Sunday, May 10, 2009

Family Ties

My little sister is a college graduate. The same little sister who would rip the heads off my Ken dolls, drop kick me for stealing her body lotion and the same little sister who knows my intricacies better than most anyone in the world, spent hours playing assistant to my elaborate, imaginative choreographed plays or Indian vs. Pilgrim battles in the woods. I'm so proud of her and so lucky to have her. We couldn't be more different, but that's what makes us so close. Like ying and yang, we're on this journey together. 

Though it was a day after receiving this jolting diagnosis, I didn't want to miss her strut her stuff across the stage in cap and gown after working so hard to get this degree. Who cares that they announced her as "Christine" instead of "Kristen." As we all are so accustomed to, she was certain to pronounce her last name to the dean (Dub-RE-AL) but who would have thought he'd screw up "Kristen"? 

It felt so good to be with my whole family, sitting there in the warm sun on the campus of Keene State College in NH (okay, it was a little hot, especially for someone who can't yet wear deodorant in her left pit ... BO has a whole new meaning). My brother suggested I just cake it on reeeeeeaaaaaal thick on the right side to balance things out. I laughed so hard I couldn't breathe for a good 10 minutes. Nothing like a shoulder shaking giggle fit in the middle of a jam-packed graduation audience. I may have somehow fallen asleep in my chair, eyes shut behind my dark sunglasses, amid honking air horns and loud cheering sections. You know the kind of sleep---the one with the powerful head bobs that keep waking you back up. My mom told me I had some real solid head bobs and would keep catching myself. This was of course after my sister's name was called and during the remainder of the 899 other names that were called ... yes 900 damn graduates had to walk across the stage. I mean, it was very special to hear each individual recognized.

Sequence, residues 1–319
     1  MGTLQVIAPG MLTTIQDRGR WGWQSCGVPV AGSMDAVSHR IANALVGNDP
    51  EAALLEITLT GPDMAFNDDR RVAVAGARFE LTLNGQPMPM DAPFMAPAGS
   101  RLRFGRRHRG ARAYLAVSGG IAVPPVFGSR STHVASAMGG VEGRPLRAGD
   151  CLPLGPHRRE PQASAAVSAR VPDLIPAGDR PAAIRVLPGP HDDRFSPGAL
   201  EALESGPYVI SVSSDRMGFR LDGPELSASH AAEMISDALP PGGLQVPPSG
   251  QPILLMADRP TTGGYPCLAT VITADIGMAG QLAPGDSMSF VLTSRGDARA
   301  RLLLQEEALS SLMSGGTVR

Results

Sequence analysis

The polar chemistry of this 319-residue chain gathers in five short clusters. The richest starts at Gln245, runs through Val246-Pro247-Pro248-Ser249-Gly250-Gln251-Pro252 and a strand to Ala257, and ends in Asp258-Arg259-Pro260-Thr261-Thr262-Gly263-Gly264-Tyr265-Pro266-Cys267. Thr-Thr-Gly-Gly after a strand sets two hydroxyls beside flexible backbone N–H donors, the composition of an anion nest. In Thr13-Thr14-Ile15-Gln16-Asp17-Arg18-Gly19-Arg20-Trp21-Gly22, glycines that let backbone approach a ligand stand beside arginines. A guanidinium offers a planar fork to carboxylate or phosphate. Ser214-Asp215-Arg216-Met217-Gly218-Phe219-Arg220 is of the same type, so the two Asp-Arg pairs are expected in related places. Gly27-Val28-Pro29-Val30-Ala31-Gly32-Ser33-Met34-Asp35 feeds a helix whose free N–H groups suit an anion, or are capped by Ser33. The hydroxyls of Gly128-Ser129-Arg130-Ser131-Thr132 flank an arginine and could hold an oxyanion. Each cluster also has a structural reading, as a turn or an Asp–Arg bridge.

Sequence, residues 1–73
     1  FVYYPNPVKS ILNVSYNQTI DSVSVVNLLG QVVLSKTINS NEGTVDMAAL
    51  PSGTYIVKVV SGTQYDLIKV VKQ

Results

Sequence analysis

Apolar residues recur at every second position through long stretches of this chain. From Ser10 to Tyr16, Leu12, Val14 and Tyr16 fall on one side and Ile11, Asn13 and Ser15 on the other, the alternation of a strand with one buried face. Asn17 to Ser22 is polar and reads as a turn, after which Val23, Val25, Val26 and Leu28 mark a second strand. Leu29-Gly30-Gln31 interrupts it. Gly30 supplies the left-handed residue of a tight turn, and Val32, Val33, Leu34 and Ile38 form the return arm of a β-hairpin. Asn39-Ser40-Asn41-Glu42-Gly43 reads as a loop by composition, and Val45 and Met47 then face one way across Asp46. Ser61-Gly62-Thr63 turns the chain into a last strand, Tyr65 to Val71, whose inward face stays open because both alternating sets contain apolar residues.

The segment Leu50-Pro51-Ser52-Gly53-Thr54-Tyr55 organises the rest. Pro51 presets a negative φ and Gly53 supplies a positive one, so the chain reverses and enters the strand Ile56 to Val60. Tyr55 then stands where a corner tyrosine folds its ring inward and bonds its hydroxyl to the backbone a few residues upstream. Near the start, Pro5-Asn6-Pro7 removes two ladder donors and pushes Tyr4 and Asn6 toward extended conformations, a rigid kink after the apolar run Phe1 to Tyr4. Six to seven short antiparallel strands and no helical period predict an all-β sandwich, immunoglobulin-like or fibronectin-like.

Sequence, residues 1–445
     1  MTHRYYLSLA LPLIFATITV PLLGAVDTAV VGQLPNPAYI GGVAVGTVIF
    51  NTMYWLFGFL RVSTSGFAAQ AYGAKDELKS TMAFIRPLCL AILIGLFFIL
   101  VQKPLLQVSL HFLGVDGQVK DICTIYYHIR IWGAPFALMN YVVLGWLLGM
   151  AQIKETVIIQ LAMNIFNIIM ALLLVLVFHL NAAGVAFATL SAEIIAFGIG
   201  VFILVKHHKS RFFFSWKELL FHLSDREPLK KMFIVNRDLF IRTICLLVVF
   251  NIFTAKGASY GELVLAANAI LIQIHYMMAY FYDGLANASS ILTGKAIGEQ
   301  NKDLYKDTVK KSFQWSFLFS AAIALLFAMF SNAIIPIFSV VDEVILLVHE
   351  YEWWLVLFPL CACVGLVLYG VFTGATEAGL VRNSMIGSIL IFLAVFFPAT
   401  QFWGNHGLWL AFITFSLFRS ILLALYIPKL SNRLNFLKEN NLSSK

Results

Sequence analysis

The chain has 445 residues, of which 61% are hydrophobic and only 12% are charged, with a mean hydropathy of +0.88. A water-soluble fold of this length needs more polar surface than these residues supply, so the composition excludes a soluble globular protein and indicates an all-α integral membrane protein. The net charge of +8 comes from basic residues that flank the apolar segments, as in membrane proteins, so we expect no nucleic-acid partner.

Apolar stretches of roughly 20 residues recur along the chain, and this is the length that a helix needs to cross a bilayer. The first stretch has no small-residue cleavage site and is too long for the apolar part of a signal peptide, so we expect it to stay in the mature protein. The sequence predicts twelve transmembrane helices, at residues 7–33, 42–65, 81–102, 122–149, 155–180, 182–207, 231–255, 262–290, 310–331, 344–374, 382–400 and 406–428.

At my graduation they skipped nearly all the speeches, stood all 4,000 of us up, the college presidents waving their hands at us like it was a magic trick and bestowed on us all of us the rights and privileges that come with holding a UNH degree as lighting struck in the background and rain drenched (literally drenched) all of us shivering in our hangy black gowns. Somebody screwed up on the rain back-up plan. 

I was still sore, achey and easily winded, as I still him today, and I suppose still will be until I start getting treatments and start getting better. But it's amazing how the love of your family can hold you up. Lots of laughs, hugs and comfort. 

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